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Press Conference by the Chief Cabinet Secretary

July 11, 2017 (AM)

If you can not view the video,click here(Japanese Government Internet TV)
This video's audio is a provisional translation through live simultaneous interpretation.

Press Conference by the Chief Cabinet Secretary (Excerpt)

[Provisional Translation]

Opening Statement by Chief Cabinet Secretary Suga
(There were statements on the overview of the Cabinet meeting, the ministerial discussions following the Cabinet meeting, and others.)

Q&As

(Abridged)

REPORTER: I have a question on a different topic. On July 10 Prime Minister Abadi of Iraq formally announced victory in the mission to recapture Mosul, which has been the largest stronghold in Iraq for the extremist group the “Islamic State of Iraq and the Levant” (ISIL). To date ISIL has announced in its publications and through other media that Japan is one of its targets and there have been several killings of Japanese nationals. This victory in Mosul has decisively weakened ISIL, so can I ask for a comment from the Government about this outcome?

CHIEF CABINET SECRETARY SUGA: I am aware that in the early hours of July 11, Japan time, Prime Minister Abadi of Iraq, on Iraqi state television, formally declared victory in the battle for Mosul. This is the region where the formation of ISIL was declared in June 2014 and therefore the Government considers that the declaration of victory in the battle for Mosul, which was a major stronghold for ISIL, is an important step for peace and stability in Iraq. However, there are still areas in Iraq that are under the control of ISIL, in addition to which a serious humanitarian crisis is continuing, including the influx of a huge number of internally displaced persons. The Government of Japan will continue to leverage our national strengths in making the utmost contributions in non-military fields such as humanitarian assistance while coordinating closely with the Government of Iraq, relevant countries and international organizations, in order to support the international efforts to fight against terrorism and restore peace and stability in Iraq.

REPORTER: The Law for Partial Amendment of the Act on Punishment of Organized Crimes and Control of Crime Proceeds and Other Laws has entered into force. During the deliberations on the bill, a letter was received from United Nations Special Rapporteur Cannataci asking whether the bill had text that would guarantee privacy rights, and the Government responded that there would be a response about Japan's position in due course. Has that response been issued?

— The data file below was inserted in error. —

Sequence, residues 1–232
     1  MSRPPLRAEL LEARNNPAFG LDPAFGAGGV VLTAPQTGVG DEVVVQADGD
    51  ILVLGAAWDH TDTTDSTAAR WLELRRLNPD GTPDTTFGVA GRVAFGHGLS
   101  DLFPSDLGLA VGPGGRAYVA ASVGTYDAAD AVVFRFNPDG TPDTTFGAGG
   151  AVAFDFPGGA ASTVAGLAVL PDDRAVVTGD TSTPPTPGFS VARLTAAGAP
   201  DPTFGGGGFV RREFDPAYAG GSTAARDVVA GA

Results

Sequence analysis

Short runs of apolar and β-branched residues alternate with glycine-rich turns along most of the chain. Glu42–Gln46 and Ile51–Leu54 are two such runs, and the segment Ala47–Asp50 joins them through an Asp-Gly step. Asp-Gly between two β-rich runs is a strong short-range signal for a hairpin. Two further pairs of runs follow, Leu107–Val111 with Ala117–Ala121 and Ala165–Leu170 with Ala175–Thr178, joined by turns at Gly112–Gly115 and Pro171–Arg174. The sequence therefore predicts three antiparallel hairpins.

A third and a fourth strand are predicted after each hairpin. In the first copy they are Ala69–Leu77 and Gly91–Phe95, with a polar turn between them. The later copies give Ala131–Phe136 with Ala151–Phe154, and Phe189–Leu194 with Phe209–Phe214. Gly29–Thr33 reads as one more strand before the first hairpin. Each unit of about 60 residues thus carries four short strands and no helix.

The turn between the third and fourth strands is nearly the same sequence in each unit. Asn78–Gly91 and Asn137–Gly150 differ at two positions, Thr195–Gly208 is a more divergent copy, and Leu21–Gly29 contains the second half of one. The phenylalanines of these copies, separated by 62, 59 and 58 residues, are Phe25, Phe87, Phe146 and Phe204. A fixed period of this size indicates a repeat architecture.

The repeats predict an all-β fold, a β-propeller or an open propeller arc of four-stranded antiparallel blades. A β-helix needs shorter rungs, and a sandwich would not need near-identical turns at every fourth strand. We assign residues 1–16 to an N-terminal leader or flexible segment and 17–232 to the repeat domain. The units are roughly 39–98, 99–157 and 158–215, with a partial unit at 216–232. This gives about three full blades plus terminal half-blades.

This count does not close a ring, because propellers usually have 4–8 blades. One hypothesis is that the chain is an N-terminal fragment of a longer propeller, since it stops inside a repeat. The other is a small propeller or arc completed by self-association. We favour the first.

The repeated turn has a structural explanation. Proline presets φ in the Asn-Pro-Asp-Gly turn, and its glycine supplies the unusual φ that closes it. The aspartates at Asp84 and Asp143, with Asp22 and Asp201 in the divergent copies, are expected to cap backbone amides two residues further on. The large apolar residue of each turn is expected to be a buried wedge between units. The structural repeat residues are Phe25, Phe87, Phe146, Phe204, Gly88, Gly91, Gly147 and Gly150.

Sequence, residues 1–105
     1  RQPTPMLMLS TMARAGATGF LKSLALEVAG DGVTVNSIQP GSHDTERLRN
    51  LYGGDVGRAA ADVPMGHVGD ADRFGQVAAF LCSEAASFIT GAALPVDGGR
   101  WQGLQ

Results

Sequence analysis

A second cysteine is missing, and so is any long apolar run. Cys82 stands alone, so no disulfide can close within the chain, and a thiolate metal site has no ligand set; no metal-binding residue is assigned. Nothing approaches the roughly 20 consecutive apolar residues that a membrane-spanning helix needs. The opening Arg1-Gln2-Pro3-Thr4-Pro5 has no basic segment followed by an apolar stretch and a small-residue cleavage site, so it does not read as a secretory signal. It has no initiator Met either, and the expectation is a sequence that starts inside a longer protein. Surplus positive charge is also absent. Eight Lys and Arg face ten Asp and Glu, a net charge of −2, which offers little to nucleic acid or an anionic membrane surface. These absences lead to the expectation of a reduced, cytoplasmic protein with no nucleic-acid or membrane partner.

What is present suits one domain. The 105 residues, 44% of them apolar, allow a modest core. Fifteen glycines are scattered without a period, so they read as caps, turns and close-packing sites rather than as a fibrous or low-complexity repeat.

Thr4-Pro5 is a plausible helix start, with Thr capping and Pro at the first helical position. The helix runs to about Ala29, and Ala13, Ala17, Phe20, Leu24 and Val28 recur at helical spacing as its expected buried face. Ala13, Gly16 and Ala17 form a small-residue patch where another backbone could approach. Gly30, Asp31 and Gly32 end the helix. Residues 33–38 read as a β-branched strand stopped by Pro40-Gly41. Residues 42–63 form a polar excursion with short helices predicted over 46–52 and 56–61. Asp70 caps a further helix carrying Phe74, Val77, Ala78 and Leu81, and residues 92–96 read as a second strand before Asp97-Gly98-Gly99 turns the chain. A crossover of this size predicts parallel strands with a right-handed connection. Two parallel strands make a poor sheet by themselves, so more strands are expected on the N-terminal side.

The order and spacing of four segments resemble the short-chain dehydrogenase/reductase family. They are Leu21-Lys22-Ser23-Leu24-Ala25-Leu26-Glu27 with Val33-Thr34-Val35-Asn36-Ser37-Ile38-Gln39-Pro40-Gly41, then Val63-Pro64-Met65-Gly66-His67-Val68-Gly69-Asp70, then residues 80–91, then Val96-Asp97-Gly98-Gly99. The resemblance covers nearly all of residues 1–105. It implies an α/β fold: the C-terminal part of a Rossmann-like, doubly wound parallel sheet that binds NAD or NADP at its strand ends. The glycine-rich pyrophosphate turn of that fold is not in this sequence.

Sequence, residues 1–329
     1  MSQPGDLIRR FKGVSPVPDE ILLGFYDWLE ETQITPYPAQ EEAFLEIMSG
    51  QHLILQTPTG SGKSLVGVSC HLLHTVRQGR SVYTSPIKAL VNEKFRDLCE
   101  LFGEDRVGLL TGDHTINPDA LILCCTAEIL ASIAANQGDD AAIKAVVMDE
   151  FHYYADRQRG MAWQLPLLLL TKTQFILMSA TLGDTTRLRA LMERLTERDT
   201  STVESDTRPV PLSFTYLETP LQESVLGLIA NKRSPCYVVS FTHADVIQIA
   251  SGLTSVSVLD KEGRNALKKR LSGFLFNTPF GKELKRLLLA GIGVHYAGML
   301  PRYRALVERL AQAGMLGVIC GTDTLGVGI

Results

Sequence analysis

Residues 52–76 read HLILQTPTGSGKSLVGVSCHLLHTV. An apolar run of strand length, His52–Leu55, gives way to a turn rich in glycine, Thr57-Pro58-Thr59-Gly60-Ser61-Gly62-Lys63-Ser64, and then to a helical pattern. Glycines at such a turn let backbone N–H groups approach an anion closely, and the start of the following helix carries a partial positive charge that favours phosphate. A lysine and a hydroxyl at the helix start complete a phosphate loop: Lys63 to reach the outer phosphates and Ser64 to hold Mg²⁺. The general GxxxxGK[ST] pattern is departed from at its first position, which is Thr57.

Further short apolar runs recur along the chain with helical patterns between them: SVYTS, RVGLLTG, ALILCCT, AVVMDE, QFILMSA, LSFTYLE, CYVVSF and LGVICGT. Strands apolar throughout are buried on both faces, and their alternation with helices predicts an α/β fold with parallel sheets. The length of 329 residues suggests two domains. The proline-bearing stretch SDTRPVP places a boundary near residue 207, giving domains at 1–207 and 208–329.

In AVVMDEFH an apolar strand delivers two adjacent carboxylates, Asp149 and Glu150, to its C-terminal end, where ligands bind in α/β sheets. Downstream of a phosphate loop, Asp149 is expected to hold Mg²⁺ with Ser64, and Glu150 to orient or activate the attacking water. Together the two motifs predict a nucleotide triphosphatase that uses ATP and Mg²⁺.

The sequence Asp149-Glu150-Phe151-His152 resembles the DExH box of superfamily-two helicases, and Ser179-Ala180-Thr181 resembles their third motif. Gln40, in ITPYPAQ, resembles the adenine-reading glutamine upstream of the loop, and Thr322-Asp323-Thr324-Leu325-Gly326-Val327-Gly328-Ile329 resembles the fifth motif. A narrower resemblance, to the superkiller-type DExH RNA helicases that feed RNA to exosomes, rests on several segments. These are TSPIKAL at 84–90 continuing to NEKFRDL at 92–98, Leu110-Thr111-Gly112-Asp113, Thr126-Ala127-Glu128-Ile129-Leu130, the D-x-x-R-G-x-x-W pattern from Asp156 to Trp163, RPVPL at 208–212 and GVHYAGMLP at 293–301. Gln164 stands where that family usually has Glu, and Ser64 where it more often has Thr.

CHIEF CABINET SECRETARY SUGA: Firstly, the concerns and points noted by Mr. Cannataci in his open letter are currently being closely examined by the Ministry of Foreign Affairs and consideration is being given to specific responses. In any event, in order to accurately explain the initiatives taken by Japan to the international community, the Government will provide a formal response about Japan's position in relation to the matters referred to in this letter in due course.

REPORTER: I have a related question. Special Rapporteur Cannataci also requested that the text of the law be translated into English. Will the Government be sending a translation?

CHIEF CABINET SECRETARY SUGA: That is also among the matters being considered.

REPORTER: I have a question on a different topic. Minister of Gender Equality and Family Chung Hyun-back of the Republic of Korea (ROK) yesterday indicated her intention to renegotiate the agreement between Japan and the ROK regarding the comfort women issue. This comment suggests that the minister will engage in actions that go against the objectives of the agreement, which finally and irreversibly resolved this issue. Can I ask if the Government has made any kind of response to the ROK?

CHIEF CABINET SECRETARY SUGA: Firstly, I am aware of the reports about this matter. I would add that the Japan-ROK agreement of 2015 resolved the comfort women issue finally and irreversibly between the two countries. The agreement is highly valued by the international community. It is of the utmost importance to steadily implement such an agreement, and we have conveyed this point through various channels to date.